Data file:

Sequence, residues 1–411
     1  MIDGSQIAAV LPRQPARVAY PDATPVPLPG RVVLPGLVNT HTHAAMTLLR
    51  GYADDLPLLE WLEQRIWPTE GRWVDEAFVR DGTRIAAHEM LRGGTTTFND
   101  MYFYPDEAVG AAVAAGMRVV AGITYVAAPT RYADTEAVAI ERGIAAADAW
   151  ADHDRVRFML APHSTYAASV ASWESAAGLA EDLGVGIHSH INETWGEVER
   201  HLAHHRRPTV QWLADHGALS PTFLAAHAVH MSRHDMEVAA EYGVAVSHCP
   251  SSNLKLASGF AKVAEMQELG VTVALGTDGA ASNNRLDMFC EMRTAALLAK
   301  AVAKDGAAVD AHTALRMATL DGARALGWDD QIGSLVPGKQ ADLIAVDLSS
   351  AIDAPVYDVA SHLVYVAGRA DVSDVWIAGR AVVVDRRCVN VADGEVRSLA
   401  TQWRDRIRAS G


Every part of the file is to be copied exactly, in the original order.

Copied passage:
Sequence, residues 1–411
     1  MIDGSQIAAV LPRQPARVAY PDATPVPLPG RVVLPGLVNT HTHAAMTLLR
    51  GYADDLPLLE WLEQRIWPTE GRWVDEAFVR DGTRIAAHEM LRGGTTTFND
   101  MYFYPDEAVG AAVAAGMRVV AGITYVAAPT RYADTEAVAI ERGIAAADAW
   151  ADHDRVRFML APHSTYAASV ASWESAAGLA EDLGVGIHSH INETWGEVER
   201  HLAHHRRPTV QWLADHGALS PTFLAAHAVH MSRHDMEVAA EYGVAVSHCP
   251  SSNLKLASGF AKVAEMQELG VTVALGTDGA ASNNRLDMFC EMRTAALLAK
   301  AVAKDGAAVD AHTALRMATL DGARALGWDD QIGSLVPGKQ ADLIAVDLSS
   351  AIDAPVYDVA SHLVYVAGRA DVSDVWIAGR AVVVDRRCVN VADGEVRSLA
   401  TQWRDRIRAS G